Independent experts looking into allegations of sexual harassment at the U.N. agency that fights AIDS say it is plagued by "defective leadership," a culture of impunity, and a toxic working environment that cannot be changed unless its top official is replaced.
The panel was created earlier this year following allegations of sexual harassment by staffers and calls from critics for executive director Michel Sidibe to resign. But Sidibe said in a statement he believes he is the right man to turn around the organization.
Sidibe has denied claims that he tried to force an employee to drop allegations that she was sexually assaulted by his former deputy.
In a damning new report released on Friday, the four experts cited a "vacuum of accountability" and said UNAIDS leaders had failed to prevent or properly respond to allegations of sexual harassment, bullying and abuse of power.
"The panel has no confidence that the current leadership can deliver cultural change when that leadership has been largely responsible for the current malaise," the report said. Its authors interviewed or received written submissions from more than 100 staffers and conducted a survey of about 60 percent of the agency's staff.
Just as the report was made public, UNAIDS issued a statement promising an "agenda for change" to build upon the recommendations of the panel to ensure the "highest standards of accountability and integrity." In it, the agency chief suggested he believed he should lead it.
"I have taken on board the criticisms made by the panel," Sidibe said in the statement. "In proposing this agenda, I am confident that we can focus on moving forward."
He said he would spend a year making UNAIDS a workplace "where everyone feels safe and included."
Despite its searing critique, the panel also credited Sidibe's "outstanding contribution" to UNAIDS' work and called him a "passionate and effective advocate" for the most vulnerable. It said he had "spoken bravely" about the risks of HIV/AIDS among adolescent girls and women, and was a "champion" in Africa against the threat to global health.
The UNAIDS chief is appointed by the U.N. secretary-general, who has the power to replace him. The independent panel's report will be presented to the UNAIDS board next week.
UNAIDS spokeswoman Sophie Barton-Knotts said Sidibe "is fully aware that there is a lot of work to do — across all levels of the organization — and he is determined to lead that transformation."
The panel, however, disagreed. It found solutions proposed by Sidibe to be "superficial and insufficient." It also slammed Sidibe for failing to take responsibility for the organization he has led for the past eight years, saying his proposed changes "demonstrate a lack of insight into the magnitude of the problems."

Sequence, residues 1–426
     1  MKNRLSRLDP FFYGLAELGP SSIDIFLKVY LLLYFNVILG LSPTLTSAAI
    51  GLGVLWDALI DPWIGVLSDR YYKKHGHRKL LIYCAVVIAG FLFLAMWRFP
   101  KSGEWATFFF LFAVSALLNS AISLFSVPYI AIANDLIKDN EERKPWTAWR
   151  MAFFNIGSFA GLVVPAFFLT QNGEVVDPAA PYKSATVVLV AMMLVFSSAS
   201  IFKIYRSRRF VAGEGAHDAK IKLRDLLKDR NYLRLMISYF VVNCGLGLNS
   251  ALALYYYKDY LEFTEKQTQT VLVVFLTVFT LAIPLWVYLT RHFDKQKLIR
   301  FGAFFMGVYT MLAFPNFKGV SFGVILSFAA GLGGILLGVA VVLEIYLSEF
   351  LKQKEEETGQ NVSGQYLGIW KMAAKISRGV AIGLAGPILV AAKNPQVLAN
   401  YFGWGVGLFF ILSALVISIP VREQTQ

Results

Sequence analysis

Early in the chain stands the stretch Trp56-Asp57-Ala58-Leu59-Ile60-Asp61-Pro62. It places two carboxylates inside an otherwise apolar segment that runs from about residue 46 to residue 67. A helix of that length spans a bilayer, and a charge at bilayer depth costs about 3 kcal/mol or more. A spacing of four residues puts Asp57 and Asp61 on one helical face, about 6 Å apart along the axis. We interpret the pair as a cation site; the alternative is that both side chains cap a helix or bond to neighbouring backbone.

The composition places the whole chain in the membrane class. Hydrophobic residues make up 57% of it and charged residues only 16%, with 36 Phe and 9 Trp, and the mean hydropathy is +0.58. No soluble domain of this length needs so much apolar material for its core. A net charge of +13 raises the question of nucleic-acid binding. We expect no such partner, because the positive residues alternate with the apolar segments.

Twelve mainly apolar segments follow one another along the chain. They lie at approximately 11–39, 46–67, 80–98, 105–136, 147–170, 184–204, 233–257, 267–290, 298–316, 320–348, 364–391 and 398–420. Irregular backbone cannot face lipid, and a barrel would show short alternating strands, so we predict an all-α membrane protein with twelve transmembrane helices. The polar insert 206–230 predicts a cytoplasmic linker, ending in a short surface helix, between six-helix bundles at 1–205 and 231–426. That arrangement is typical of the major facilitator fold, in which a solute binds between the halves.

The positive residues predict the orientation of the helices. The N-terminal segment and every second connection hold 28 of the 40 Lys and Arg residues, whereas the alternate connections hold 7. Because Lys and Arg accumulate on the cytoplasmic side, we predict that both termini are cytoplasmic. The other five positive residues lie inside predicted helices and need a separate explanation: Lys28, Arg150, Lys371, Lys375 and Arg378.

According to the survey conducted by the panel, nearly 4 percent of staffers reported having experienced some form of sexual harassment in the past year and more than 40 percent reported having suffered some abuse of authority.
Numerous staffers complained that the agency was run like a patriarchy, with little oversight and outright retaliation against staffers who spoke out.
One staffer described a meeting where Sidibe "boasted" he had personally ensured the appointment and promotion of his African "brothers" and that he had no regrets doing so. Sidibe is a native of Mali.
"UNAIDS is like a predators' prey ground," wrote another interviewee. "You can use promises of jobs, contracts and all sorts of opportunities and abuse your power to get whatever you want ... I have seen senior white male colleagues dating local young interns or using UNAIDS resources to access sex workers."
Such problems began spilling into the public spotlight after UNAIDS staffer Martina Brostrom went public earlier this year with allegations originally laid out in a sexual harassment and assault complaint filed in November 2016. In it, she alleged that Luiz Loures, once the agency's deputy director for programs, had forcibly kissed and grabbed her in a Bangkok hotel elevator in May 2015 — claims Loures denied. He left UNAIDS earlier this year.
The World Health Organization office that investigated the case concluded that there was insufficient evidence to support Bostrom's claims.
Brostrom told The Associated Press that she was still going over the 73-page report, but added she was "pleased that the truth ... is finally out."
The Associated Press does not typically identify victims of sexual assault. However, Brostrom spoke to the news media this year after a WHO panel accepted the investigators' recommendation to close the case.